Most people understand it is important to live within your means. Yet, for many Americans, that includes financing a vehicle with affordable monthly payments. However, considering unforeseen expenses and changes in income, things happen.

If you are in debt, struggling to make your car payments, you are not alone. Despite low unemployment rates, 7 million Americans are at least 90 days behind on their car loan payments. Knowing others are in similar situations can provide some comfort. However, if you are struggling, you may have concerns about how long you can keep your car from being repossessed.

There may be options available

Whether you use your vehicle for business, running the kids to and from practice or rely on it to get to work, keeping your car is probably important to you. And while some of your options may not seem favorable to you, it is important to remember that there may be some things you can do to help with your financial situation.

· Loan extension. In some situations, your lender might be willing to work with you to extend the length of your loan by adding your missed payments onto the end of your loan. While this would increase the length of time you would be making payments, it would eliminate your need to make extra payments now in order to catch up.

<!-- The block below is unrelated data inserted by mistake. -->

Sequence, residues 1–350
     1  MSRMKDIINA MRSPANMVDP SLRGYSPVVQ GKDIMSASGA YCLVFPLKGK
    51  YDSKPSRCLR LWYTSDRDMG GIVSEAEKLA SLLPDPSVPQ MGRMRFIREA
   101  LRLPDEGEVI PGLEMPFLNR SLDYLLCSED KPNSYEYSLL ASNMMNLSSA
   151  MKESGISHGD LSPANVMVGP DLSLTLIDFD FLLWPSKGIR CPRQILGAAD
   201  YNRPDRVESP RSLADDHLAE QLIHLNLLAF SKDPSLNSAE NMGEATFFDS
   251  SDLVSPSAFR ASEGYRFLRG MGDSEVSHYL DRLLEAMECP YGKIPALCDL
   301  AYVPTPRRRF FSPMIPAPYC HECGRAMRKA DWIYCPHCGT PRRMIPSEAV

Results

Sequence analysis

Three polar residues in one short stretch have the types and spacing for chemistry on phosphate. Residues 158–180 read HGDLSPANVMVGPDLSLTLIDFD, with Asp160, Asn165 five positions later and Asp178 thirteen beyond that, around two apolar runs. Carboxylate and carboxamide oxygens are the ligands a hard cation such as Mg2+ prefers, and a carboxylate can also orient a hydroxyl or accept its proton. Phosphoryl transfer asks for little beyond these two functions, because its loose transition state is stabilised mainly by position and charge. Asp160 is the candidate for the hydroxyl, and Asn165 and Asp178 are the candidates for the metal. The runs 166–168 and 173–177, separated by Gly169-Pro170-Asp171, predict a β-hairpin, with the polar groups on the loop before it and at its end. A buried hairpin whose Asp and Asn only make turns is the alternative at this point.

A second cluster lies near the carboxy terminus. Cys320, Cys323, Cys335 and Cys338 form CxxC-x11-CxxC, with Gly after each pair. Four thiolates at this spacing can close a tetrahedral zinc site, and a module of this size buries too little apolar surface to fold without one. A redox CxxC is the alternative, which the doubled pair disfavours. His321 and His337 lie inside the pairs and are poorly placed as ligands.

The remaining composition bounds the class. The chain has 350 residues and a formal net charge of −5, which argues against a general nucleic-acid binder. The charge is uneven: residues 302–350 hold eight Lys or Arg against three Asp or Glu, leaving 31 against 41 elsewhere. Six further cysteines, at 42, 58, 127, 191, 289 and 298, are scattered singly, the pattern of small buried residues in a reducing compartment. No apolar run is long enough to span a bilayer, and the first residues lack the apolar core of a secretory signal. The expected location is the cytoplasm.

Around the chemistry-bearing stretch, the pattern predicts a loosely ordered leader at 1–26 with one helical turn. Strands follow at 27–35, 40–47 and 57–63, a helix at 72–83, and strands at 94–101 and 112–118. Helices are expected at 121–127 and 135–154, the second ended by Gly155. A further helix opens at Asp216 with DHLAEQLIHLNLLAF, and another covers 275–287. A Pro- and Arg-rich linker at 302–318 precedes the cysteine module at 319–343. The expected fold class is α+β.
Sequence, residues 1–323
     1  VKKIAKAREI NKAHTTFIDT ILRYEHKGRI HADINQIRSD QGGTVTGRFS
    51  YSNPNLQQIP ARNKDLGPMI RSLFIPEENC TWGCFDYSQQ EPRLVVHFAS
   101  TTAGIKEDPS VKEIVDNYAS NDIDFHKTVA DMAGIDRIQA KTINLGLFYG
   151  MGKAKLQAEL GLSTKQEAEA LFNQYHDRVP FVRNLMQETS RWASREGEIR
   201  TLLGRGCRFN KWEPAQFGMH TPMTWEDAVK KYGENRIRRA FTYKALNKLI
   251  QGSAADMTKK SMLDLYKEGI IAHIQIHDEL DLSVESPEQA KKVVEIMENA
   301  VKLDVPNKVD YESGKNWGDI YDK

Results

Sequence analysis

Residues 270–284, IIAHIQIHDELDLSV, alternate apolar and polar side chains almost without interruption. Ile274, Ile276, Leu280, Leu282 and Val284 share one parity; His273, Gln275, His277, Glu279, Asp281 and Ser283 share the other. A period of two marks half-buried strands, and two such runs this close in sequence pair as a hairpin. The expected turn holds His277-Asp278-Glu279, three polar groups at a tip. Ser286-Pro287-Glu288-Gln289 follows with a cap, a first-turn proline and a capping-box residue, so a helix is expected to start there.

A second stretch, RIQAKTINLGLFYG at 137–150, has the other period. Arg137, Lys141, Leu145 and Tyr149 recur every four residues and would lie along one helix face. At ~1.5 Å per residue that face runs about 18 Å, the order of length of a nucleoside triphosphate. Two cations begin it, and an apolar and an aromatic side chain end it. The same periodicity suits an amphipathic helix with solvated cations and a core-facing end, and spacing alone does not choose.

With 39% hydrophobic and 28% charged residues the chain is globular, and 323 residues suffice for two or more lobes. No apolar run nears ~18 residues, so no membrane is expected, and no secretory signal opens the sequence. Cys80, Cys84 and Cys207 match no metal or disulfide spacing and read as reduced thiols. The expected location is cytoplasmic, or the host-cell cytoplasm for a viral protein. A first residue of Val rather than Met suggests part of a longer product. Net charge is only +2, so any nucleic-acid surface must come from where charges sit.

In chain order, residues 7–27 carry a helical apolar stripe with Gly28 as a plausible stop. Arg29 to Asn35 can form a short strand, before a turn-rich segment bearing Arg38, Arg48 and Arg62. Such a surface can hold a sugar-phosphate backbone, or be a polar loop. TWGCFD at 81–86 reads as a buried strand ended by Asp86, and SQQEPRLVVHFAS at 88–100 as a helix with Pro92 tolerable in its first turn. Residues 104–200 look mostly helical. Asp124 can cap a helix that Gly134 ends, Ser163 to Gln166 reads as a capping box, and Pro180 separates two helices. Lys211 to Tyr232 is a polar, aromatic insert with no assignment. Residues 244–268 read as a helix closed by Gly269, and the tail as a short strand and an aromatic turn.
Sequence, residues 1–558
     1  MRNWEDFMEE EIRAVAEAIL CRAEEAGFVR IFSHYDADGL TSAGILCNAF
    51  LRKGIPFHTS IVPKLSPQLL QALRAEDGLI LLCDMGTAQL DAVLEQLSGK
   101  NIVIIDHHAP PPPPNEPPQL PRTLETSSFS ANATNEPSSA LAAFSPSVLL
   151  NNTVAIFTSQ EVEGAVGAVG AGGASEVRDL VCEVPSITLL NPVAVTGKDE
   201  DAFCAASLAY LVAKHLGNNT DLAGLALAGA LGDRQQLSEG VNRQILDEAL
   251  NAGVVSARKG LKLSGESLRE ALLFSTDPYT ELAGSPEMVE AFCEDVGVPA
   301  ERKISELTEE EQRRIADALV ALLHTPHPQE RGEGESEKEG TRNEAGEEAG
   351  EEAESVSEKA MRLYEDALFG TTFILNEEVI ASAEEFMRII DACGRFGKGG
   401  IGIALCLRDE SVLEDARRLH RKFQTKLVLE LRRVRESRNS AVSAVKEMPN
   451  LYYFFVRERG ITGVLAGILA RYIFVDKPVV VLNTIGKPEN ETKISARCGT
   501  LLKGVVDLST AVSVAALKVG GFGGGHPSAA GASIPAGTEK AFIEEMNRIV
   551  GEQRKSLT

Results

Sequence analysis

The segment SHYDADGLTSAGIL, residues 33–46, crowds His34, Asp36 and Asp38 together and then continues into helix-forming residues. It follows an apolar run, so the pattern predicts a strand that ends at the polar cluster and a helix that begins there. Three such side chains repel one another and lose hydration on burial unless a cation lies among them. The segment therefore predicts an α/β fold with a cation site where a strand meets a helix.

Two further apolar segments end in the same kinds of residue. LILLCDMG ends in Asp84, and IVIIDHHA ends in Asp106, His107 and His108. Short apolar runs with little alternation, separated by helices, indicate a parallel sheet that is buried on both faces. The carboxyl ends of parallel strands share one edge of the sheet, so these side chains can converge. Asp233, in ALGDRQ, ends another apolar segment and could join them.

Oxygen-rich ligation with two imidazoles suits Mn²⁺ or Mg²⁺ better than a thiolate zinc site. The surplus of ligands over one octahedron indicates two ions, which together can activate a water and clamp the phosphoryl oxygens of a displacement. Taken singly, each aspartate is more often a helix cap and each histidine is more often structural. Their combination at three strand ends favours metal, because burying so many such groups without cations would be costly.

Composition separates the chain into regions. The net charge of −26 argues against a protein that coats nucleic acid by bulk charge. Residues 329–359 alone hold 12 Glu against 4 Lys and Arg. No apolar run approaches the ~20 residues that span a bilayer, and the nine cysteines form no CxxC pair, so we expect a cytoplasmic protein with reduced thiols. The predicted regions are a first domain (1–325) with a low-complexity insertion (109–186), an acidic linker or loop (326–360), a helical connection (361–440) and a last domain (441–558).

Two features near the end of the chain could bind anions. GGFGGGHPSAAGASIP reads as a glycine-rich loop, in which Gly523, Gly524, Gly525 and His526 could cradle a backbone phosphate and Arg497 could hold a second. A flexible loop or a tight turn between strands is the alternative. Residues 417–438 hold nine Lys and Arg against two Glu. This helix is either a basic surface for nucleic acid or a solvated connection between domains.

· Loan repayment plan. Depending on the specifics of your case, your lender may consider collecting an additional amount of money each month, over any above the terms of your specified loan payment, to help you get back on track. Although this may be difficult initially, it could be a means of keeping your car without extending the length of your loan.

· Sell your vehicle. Although the goal is to keep your vehicle, selling your current vehicle to purchase a more affordable one might be a good choice. While that may not be exactly what you want, it could provide the solution you need.

· File bankruptcy. Many people believe that you automatically lose everything when you file bankruptcy, but that is not necessarily the case. Every situation is unique, and bankruptcy often provides options to regain control of a financial situation that has gotten out of hand. Filing bankruptcy could help you regain your financial stability while, in many cases, keeping your vehicle.

That auto loan debt exceeded $1.1 trillion in 2017 may be no surprise. However, comprising 9 percent of America’s debt, auto loans come in third behind mortgages (nearly 68 percent) and student loans (just shy of 11 percent).

Regardless of how you got into debt, or how hopeless your situation may seem, it is important to remember there is likely a way you can recover financially. Admitting there is a problem and exploring your options are steps in the right direction.